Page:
(OPINION) The Intercept – Surveillance firms around the world are licking their lips at a once-in-a-lifetime opportunity to cash in on the coronavirus by repositioning one of their most invasive products: the tracking bracelet.


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Body monitors are associated with criminality and guilt in the popular imagination, the accessories of Wall Street crooks under house arrest, and menace-to-society parolees. Unlike smartphones, de facto tracking devices in their own right,

strapped-on trackers are expressly designed to be attached to the body and exist solely to report the user’s whereabouts and interactions to one or more third parties; they don’t play podcasts or tell you how many steps you took that day to sweeten the surveillance.

But a climate of perpetual bio-anxiety has paved the way for broader acceptance of carceral technologies, with a wave of companies trying to sell tracking accessories to business owners eager to reopen under the aegis of responsible social distancing and to governments hoping to keep a closer eye on people under quarantine.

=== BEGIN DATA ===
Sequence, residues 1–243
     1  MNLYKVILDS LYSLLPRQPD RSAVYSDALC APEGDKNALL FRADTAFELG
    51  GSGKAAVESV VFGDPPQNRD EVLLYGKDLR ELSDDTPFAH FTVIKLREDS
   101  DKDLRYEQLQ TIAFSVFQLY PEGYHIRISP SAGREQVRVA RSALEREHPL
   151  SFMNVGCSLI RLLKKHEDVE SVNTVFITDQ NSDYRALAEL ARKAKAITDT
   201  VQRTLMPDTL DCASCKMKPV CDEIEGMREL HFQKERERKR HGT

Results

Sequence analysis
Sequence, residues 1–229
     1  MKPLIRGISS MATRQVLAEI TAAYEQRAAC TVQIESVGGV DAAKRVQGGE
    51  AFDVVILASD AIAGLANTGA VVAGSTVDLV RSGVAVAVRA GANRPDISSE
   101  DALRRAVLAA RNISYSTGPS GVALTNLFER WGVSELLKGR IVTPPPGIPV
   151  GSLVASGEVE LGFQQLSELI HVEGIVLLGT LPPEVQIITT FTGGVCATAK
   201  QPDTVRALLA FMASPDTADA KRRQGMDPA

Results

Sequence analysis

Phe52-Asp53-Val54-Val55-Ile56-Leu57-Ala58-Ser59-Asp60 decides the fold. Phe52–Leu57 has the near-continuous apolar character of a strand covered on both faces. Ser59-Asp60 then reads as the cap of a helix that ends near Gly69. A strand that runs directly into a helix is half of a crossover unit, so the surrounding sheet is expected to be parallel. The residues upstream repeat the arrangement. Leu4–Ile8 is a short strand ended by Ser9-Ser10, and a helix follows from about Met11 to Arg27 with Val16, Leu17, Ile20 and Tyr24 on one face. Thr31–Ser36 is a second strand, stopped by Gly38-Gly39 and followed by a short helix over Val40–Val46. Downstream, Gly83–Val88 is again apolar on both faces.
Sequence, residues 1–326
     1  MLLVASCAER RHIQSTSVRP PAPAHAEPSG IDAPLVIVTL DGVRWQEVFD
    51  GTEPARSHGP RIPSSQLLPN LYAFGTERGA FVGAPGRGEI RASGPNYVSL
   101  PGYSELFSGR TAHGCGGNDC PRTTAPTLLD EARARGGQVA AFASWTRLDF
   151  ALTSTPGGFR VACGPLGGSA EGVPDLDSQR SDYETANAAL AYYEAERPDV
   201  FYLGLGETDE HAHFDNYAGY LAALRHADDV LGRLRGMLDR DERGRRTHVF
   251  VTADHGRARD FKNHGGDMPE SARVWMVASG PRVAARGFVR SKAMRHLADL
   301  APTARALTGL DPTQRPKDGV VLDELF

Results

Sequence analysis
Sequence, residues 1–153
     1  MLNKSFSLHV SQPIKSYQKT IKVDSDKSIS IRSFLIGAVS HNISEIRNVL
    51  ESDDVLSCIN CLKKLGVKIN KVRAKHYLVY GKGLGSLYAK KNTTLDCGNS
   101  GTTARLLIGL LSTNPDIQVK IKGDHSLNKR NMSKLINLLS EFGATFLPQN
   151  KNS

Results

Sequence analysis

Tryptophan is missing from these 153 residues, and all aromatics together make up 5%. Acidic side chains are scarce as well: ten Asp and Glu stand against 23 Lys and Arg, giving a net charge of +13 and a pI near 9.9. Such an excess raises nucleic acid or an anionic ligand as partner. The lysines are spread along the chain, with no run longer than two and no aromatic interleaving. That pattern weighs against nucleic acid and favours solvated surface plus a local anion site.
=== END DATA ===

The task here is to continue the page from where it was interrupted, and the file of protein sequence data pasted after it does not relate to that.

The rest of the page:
Take AiRISTA Flow, a Maryland-based outfit that helps corporations track their “assets,” breathing or not. In an April 21 press release, the company announced it would begin selling Bluetooth and Wi-Fi trackers to be worn on an employee’s wrist like a Fitbit — or around their neck like a cowbell. READ MORE

An online news publication of First Look Media, owned by Pierre Omidyar. Its editors are Betsy Reed, Glenn Greenwald, and Jeremy Scahill. It also publishes two podcasts, Intercepted hosted by Scahill and Deconstructed hosted by Mehdi Hasan